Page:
Commercial design has great value in the workplace. It is one of the largest interior design sectors due to corporate offices and government. However, although most people have been introduced to design as something that happens for homes and restaurants, the smaller workplace is often overlooked, or perhaps an office furnishings company provides design services along with the desks they sell.
A lawyer was paying high rent and wanted to buy a downtown Victoria residential penthouse with hardwood floors and under-floor heat and wanted to make the penthouse into a top drawer office with lawyers, and support staff, for at least a few years. He also wanted the option to be able to return the space in perfectly livable (and marketable) shape back to a residential unit at almost no cost depending on the real estate market. This is our style of interior design challenge, the penthouse space is now a functioning, comfortable, professional law practice which does not look residential in any way but which could be sold as a livable penthouse at any time simply by the removal of the DIRTT movable wall system, and with the desks replaced by sofas and beds.
Perhaps you want 180 people to work adjacent to the factory they manage and make sales for, and that office is to be to sustainable standards. What if you own one of the city’s most well respected high tech medical research companies and you want to both attract the best and the brightest while keeping your physical plant costs competitive? These are the kind of design challenges that we solve for clients who know the value of design in the workplace.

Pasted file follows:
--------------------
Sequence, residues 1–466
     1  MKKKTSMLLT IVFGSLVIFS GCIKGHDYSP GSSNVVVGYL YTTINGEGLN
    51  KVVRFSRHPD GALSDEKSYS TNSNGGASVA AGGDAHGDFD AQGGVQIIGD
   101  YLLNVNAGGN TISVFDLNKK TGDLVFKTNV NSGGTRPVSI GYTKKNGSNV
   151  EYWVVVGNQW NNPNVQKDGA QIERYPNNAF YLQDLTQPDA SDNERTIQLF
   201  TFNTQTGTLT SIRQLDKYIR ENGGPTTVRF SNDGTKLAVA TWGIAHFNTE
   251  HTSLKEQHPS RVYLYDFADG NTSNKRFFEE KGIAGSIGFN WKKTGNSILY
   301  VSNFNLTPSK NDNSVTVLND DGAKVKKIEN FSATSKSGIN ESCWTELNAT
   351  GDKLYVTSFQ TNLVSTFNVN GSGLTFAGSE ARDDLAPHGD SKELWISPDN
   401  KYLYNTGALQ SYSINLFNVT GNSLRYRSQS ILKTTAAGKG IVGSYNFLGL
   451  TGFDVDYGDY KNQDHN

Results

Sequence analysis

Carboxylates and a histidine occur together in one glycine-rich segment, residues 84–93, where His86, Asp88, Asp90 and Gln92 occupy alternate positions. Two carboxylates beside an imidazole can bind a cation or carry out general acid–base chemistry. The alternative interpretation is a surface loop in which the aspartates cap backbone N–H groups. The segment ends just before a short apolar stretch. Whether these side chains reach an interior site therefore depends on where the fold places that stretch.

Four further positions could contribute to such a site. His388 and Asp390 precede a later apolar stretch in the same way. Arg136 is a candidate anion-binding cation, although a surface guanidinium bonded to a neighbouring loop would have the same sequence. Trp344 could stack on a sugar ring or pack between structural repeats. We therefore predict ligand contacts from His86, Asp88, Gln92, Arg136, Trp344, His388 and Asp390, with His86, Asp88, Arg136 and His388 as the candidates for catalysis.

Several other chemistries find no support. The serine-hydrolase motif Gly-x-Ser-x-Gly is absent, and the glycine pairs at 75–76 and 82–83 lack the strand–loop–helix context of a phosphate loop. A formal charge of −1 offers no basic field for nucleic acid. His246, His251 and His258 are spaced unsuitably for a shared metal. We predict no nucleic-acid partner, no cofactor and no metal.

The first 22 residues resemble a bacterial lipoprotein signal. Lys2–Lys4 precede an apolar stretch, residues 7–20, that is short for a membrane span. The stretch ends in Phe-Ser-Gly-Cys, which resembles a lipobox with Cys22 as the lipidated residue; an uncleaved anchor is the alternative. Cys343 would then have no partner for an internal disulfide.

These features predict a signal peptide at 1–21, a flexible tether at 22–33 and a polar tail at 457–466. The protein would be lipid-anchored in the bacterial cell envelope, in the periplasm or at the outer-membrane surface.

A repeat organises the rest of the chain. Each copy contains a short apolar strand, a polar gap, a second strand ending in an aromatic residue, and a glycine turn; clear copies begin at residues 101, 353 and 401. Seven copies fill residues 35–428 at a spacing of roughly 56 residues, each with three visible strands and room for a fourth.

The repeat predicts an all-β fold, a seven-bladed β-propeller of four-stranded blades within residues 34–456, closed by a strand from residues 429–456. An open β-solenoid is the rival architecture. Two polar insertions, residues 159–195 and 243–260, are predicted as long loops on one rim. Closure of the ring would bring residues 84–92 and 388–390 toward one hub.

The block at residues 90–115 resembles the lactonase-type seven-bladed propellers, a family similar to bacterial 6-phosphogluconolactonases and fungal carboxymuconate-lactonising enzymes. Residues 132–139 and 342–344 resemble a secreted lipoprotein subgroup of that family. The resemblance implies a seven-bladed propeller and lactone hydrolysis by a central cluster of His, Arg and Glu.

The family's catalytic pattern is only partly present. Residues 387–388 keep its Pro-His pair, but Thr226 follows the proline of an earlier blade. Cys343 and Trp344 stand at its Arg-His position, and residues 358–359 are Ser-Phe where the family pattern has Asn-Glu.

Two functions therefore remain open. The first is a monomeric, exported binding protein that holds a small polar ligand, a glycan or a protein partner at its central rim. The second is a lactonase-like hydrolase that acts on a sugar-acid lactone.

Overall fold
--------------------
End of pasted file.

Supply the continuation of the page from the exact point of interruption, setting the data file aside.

Institutional design has actually been one of my favourite topics because although there was resistance at the start, this sector has actually seen some of the best measured and ground breaking advances in sustainable and green design. Almost thirty years ago I designed the interiors at the University of Victoria for the then new UVic Student Union Building. I was hired specifically because I had the only ‘green’ design practice in Victoria. Today we are back at UVic, this time designing a model of green, local and sustainable food service delivery to be branded ‘Mystic Market’ at the University Centre with a mandate to be the best food service delivery model in Canada. This new model which will combine the former cafeteria and Maltwood Gallery into the style of a Granville Island Public Market , with fresh food market food court concept. I designed five of the first stalls at Granville Island Public Market and my red snapper ‘fish print’ mural is still on the wall and signage at Longliner Seafood. http://granvilleislandworks.com/profile/longliner-seafoods-ltd